What is Generative Pre-Trained Transformer 3 (GPT-3)

Does it seem uncanny to find artificial intelligence (AI) being able to mimic human written text?

Well, as uncanny as it sounds, the fact is real. Introduced by OpenAI, a research firm co-founded by Elon Musk introduced perhaps one of the most advanced and useful forms of AI, i.e. the GPT-3.

Simply said, GPT-3 stands for Generative Pre-Trained Transformer 3. This tool uses algorithms that are already pre-trained to generate text. To be precise, they’ve been fed with nearly 570 GB of text information gathered by crawling through the internet – a dataset that is public and also known as CommonCrawl. Other information that’s fed to the tool is from selected texts by OpenAI and even Wikipedia.

With the introduction of this tool, the year 2020 seemed to be a tipping point for AI. And since we’ve already entered 2021, this technology is here to boost the launch of many startups and applications. Other similar models have demonstrated the power of AI in the hands of people looking to experiment, and the outcome of these experiences is astonishing.

The model has been trained under a trillion of words, so to speak, it is a 175-billion parameter transformer model. The third model was released by OpenAI. This model is extraordinary and holds the capability of generating human-like text and even responses if needed. Though this sounds weird, when the model is prompted with a text by the user, it can easily respond via tweets, emails, etc.

Did you know that this model has been the largest AI language model with 175 BN parameters i.e. 10X more than Microsoft’s Turing NLG? If you didn’t, now you do.

The company, OpenAI has been in the race for quite some time now. And therefore, we can further speak about its features, advantages, and even its shortcomings.

GPT-3 is composed of a transformer-based architecture that was almost similar to its previous model the GPT-2. The authors of the tool trained it with different model sizes that range between 125 million parameters to 175 billion parameters in an attempt to measure the correlation between the model size and the benchmark performance.

Now GPT-3, powered by a neural network has the capability of writing articles, poems, essays, and even can work on code – these are certain reasons why the world is excited yet they fear the AI’s conundrum.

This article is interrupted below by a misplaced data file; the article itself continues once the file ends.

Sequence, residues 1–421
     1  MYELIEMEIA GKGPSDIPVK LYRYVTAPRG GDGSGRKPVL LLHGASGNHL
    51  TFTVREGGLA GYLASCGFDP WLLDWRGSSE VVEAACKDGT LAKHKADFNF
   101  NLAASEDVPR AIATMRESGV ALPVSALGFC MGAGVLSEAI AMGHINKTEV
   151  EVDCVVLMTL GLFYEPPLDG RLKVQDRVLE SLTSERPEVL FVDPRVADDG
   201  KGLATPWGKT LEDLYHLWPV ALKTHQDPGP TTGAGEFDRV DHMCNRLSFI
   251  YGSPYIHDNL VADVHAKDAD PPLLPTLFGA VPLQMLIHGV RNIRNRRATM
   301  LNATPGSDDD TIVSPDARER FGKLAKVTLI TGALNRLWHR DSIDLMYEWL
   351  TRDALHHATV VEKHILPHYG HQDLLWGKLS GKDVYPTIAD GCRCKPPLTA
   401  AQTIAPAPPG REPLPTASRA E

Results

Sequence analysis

GPT-3 Use cases

To be precise GPT-2 had nearly 1.5 billion parameters while GPT-3 had 175 billion parameters. In short, a Ferrari will always be a Ferrari. And it’s not much excitement when we see an upgrade the Apple’s iPhone camera from 12 MP to 14 MP. More so, even before GPT-3, the transformer technology was already performing well. For instance, in 2018, the year had been dubbed as a year of NLP’s ImageNet.

A report in Forbes, “in October 2012, a deep neural network achieved an error rate of only 16% in the ImageNet Large Scale Visual Recognition Challenge, a significant improvement over the 25% error rate achieved by the best entry the year before.”

In a nutshell, when the error rate dropped down from 25 percent to 16 percent, machine learning becomes the most viable tool used for image classification, since no other model offered this kind of low error rate, until the release of GPT-3.

The rise of this tool came to the attention of the public because it had good marketing. Do you even remember when was the last time the public paid any attention to any type of language model? Perhaps, only when GPT-2 was introduced in February 2019.

Although we may see multiple models being released – Google, Uber, Microsoft, and Salesforce… yet the transformer technology beats it all, especially in the field of natural language processing (NLP).